Kew's cuttings from one of the world's rarest plants have finally produced seed
Kew's scientists have propagated café marron seedlings and sent them back to their native Mauritius.
25 Sep 2009
Carlos Magdalena examining Ramosmania rodriguesii at Kew (Image: RBG Kew)
One can save a species
The café marron (Ramosmania rodriguesii) only grows wild on Rodrigues, a remote island in the Indian Ocean. The flowery shrub not seen for 40 years was thought to be extinct. But in 1979 a 12-year-old boy, encouraged by his teacher, noticed an unusual looking plant near his house. A sample sent to Kew confirmed he had rediscovered the long-lost café marron.
Cuttings of the café marron sent to Kew became known as ‘the living dead’ when, for 20 years, no matter what we tried, no seeds were produced. Finally we got a berry to ripen, containing seeds of new individuals. At last, we were able to send healthy plants back to their island home.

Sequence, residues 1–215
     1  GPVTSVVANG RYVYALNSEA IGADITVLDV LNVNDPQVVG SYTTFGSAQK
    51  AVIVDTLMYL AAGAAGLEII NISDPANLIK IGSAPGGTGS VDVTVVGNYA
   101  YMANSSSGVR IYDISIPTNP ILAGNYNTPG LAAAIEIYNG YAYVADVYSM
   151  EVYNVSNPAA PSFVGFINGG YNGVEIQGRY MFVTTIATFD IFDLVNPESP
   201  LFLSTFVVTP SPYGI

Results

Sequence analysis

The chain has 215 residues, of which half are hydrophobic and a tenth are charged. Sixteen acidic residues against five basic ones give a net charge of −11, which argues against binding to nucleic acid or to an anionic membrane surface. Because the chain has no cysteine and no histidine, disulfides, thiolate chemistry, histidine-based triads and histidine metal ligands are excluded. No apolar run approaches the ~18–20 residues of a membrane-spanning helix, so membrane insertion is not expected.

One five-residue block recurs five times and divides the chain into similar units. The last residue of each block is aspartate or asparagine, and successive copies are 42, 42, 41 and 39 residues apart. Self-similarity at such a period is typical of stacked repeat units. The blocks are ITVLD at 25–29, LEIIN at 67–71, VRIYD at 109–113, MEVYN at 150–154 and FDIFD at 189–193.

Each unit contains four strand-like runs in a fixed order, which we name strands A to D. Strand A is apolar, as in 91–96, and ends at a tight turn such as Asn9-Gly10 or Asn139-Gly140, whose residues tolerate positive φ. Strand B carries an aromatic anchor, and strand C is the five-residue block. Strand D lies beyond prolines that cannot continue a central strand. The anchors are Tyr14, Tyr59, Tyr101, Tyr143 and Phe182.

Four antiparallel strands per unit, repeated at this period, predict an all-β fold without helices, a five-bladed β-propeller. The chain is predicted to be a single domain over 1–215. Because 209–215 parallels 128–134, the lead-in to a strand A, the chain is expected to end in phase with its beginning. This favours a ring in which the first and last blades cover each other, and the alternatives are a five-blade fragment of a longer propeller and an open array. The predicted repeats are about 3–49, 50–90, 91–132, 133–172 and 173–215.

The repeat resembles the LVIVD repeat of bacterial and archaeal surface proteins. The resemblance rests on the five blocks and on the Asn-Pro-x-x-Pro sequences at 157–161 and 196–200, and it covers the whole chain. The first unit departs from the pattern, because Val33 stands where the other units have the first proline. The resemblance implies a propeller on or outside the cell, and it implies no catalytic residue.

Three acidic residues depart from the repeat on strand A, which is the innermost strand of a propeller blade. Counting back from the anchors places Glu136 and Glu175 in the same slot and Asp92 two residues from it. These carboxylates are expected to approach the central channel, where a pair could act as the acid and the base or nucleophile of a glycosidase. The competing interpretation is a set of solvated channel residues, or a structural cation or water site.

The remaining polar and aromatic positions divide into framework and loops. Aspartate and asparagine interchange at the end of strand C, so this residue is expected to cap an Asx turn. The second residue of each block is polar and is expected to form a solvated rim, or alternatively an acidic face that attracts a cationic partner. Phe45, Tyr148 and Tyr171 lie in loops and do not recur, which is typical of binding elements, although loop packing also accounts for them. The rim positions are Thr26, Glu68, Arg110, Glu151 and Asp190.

The wild species seed bank in Curepipe was set up by Kew in 2006 with funding from the Darwin Initiative. We have now trained 24 local staff to collect and process seeds. As well as giving a chance of survival to the 357 local plant species considered particularly at risk, this is also a good grounding for future conservation projects on the island.
Pushpa Seepaul says 'After my training at Kew, I have been training my colleagues at the Mauritian seed bank. We have to choose seeds carefully from many plants at just the right time to get a good sample without damaging the plants themselves.'
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